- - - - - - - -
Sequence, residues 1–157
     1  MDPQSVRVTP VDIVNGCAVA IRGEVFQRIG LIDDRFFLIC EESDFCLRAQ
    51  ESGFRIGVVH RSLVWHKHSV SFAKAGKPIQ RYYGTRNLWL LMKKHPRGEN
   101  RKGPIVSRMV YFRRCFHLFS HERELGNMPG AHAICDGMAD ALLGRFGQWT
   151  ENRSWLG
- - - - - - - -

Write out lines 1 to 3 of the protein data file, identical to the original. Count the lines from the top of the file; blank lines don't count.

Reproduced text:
Sequence, residues 1–157
     1  MDPQSVRVTP VDIVNGCAVA IRGEVFQRIG LIDDRFFLIC EESDFCLRAQ
    51  ESGFRIGVVH RSLVWHKHSV SFAKAGKPIQ RYYGTRNLWL LMKKHPRGEN